Witness a Total Eclipse

When the moon slides between the earth and the sun at just the right angle to create a total solar eclipse, astonishing things happen: "As the sun disappears, the hairs stand up on the back of my neck," says Vicki Buchwald, a dental hygienist from Crystal Lake, Ill. "I've cried and screamed. It's like looking into the eye of God." She and her husband, Greg, an electrical engineer, have traveled to see five eclipses and can't get enough. Let others chase tornadoes or the northern lights; for these fans, there is no better show, and the next one to catch is July 22 (July 21 if you're in the South Pacific). What makes this eclipse extraordinary is that it'll create the longest stretch of darkness in the daytime that the planet will see for more than a hundred years. Even though it takes about three hours for all the phases of an eclipse to unfold, totality (when the moon entirely blocks the sun) is stunningly brief. This year, it'll last up to 6 minutes and 39 seconds. The next one to come close isn't until 2132. Of course, being in the right place at the right time is key. As July's occurrence travels from India to the South Pacific, it will be visible along a 150-mile-wide swath. Since eclipses are lengthiest at the midpoints of their routes, the prime viewing destinations this summer will be on the coast of eastern China, a day trip from Shanghai. There, you'll see how local perceptions have also come a long way: What was once considered a bad omen is now cause for celebration. Eclipse viewing 101 No matter how well you plan, catching an eclipse is a game of chance—clear skies are hard to predict a week ahead, much less months in advance. Nor does it help that the event takes place during monsoon season. Uncontrollables aside, here's how to maximize the marvel: Reach for higher ground Head to a roof or a mountain to get away from buildings and ambient light that interfere with visibility. Wear protection It's safe to look at the sun only when it is completely obscured by the moon. Staring at a partial eclipse with the naked eye can give you retinal burns and even cause temporary or permanent blindness. Regular sunglasses won't protect you, so play it safe and wear a pair of eclipse-viewing glasses—they may look like 3-D movie specs, but they actually contain specialized filters (seymoursolar.com, shades $1.50). Snap away Regular digital and film cameras are fine for capturing the event, as long as you place a filter on your viewfinder to shield your eyes while shooting the partial stages (rainbowsymphonystore.com, filters from $10). For best results, use manual focus, turn off the flash, and remove the filter for totality. First-time viewer? Put down the camera and just take it in. Be at ease Since you'll be staring skyward for hours, bring along snacks and a pillow or a folding chair. Then get comfy. Let them take you there These outfitters are offering expert-led eclipse trips in July: TravelQuest International has a 15-day cruise through the South Pacific with lectures by Harvard astronomy professor Owen Gingerich and former editor of Sky & Telescope magazine Rick Fienberg (800/830-1998, tq-international.com, from $6,995 without airfare). Spears Travel hired NASA astrophysicist Fred Espenak to head a 10-day trip from Beijing to Shanghai, with stops at the Forbidden City, the Great Wall, and the cities of Suzhou and Hangzhou. On July 22, the group will be in the seaside town of Haiyan, on a hotel roof directly in the path of the eclipse (800/688-8031, spearstravel.com, from $3,695 without airfare). Ring of Fire Expeditions called on Paul Maley, expedition coordinator for NASA's Johnson Space Center Astronomical Society, to guide a 10-day journey through China and Tibet. The itinerary includes a ride on the Xining–Lhasa train, a visit to the Wolong panda reserve, and an eclipse-viewing at a spot determined by Maley on the day of the event (281/480-1988, eclipsetours.com, from $3,789 without airfare).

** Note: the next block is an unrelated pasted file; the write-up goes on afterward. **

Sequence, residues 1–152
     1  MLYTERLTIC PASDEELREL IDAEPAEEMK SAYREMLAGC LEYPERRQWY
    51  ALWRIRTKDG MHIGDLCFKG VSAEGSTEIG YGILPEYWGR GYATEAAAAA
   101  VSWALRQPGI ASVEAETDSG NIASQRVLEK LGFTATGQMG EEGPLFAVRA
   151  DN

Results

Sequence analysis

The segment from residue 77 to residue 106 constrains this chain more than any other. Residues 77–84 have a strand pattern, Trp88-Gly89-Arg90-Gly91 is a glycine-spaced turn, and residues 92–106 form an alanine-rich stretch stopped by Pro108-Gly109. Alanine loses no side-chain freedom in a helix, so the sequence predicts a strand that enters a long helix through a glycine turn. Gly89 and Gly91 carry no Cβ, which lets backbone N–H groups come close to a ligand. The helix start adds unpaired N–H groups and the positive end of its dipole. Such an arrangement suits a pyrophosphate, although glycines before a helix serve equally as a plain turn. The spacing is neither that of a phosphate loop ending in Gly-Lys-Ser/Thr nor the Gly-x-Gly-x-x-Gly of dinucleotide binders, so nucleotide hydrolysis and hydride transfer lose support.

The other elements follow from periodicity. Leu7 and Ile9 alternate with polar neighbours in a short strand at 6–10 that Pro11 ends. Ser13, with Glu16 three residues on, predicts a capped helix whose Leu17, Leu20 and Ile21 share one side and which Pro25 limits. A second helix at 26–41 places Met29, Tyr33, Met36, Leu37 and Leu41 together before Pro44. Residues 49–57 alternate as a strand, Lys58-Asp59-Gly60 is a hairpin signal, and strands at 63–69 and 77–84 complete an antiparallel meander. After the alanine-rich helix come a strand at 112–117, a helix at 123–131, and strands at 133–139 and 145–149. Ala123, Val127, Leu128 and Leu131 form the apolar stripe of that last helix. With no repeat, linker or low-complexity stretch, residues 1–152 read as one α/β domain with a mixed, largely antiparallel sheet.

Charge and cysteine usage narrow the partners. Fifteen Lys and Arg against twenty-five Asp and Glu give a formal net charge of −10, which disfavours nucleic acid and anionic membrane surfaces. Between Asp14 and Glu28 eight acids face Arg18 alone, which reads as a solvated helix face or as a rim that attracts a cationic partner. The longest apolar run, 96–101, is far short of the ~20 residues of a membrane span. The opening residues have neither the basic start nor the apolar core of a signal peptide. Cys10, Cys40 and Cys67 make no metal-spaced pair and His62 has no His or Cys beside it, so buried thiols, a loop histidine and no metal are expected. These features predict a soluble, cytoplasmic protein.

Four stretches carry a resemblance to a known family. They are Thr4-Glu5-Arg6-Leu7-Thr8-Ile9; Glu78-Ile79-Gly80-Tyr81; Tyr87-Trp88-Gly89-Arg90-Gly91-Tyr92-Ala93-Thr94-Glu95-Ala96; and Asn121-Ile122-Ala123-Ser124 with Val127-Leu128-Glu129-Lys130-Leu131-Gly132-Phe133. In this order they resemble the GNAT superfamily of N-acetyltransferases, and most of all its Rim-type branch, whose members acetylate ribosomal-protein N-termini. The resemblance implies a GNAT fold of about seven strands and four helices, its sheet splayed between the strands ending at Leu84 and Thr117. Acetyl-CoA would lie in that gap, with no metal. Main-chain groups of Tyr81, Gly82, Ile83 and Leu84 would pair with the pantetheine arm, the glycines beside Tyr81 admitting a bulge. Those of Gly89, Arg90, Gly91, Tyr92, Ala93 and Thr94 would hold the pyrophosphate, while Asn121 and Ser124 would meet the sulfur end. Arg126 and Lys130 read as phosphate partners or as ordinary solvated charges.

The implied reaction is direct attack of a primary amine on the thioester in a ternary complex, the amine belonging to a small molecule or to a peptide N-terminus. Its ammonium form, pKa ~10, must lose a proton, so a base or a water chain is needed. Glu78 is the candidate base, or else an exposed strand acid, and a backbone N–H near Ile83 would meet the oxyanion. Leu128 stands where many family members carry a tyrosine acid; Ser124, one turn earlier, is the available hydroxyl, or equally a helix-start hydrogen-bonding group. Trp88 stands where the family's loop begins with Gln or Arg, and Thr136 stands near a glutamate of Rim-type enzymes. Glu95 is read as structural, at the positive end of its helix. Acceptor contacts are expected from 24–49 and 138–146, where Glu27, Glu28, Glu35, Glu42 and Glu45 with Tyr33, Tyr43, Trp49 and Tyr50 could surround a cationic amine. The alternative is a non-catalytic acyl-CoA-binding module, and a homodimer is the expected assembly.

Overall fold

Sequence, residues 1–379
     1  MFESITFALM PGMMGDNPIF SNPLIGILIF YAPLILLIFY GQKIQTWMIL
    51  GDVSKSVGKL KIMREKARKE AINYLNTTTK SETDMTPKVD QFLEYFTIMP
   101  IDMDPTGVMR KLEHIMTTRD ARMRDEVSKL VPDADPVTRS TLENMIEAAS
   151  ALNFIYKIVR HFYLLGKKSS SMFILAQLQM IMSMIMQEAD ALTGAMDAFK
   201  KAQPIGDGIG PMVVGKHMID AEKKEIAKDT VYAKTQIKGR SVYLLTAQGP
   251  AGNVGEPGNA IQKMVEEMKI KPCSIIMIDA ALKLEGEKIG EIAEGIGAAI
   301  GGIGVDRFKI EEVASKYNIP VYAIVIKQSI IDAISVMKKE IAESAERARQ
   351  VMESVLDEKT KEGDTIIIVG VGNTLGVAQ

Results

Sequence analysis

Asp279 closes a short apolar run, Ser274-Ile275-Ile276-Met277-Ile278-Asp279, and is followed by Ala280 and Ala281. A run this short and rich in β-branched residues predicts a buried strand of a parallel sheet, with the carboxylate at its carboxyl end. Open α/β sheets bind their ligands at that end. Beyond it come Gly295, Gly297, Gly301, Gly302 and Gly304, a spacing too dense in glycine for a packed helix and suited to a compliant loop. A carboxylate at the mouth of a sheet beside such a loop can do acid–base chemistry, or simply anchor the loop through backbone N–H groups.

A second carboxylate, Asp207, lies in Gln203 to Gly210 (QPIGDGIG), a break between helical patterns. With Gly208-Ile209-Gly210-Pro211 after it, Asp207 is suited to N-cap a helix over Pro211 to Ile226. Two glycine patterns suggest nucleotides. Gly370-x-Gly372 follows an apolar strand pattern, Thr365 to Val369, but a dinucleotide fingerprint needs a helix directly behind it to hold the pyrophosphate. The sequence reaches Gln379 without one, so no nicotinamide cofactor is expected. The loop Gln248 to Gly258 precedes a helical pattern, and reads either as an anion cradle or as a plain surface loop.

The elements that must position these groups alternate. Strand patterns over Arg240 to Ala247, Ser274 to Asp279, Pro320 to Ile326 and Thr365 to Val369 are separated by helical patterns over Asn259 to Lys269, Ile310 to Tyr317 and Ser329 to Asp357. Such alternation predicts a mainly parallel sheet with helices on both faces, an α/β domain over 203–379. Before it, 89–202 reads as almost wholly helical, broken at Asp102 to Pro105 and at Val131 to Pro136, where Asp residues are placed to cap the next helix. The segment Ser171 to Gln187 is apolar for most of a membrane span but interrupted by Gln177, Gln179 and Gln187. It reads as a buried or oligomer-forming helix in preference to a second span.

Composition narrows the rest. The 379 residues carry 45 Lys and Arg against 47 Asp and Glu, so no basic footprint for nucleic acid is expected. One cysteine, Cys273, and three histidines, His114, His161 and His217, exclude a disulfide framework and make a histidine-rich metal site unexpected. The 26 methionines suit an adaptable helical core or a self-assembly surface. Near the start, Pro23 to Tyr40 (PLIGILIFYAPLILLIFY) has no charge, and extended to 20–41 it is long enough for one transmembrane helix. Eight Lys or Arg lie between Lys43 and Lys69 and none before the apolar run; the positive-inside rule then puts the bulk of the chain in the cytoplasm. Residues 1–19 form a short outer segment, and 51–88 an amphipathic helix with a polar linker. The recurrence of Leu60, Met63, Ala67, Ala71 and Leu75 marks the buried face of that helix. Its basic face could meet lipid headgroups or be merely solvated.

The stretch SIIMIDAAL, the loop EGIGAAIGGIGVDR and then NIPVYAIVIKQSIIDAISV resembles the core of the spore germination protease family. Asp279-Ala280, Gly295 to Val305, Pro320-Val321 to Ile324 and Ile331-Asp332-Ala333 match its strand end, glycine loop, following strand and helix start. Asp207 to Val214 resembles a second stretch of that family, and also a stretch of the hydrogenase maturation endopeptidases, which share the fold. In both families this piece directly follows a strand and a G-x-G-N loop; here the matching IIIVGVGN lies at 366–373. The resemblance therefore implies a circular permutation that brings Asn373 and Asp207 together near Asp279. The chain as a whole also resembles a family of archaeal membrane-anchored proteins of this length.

Inspiration

The Wonders of South Dakota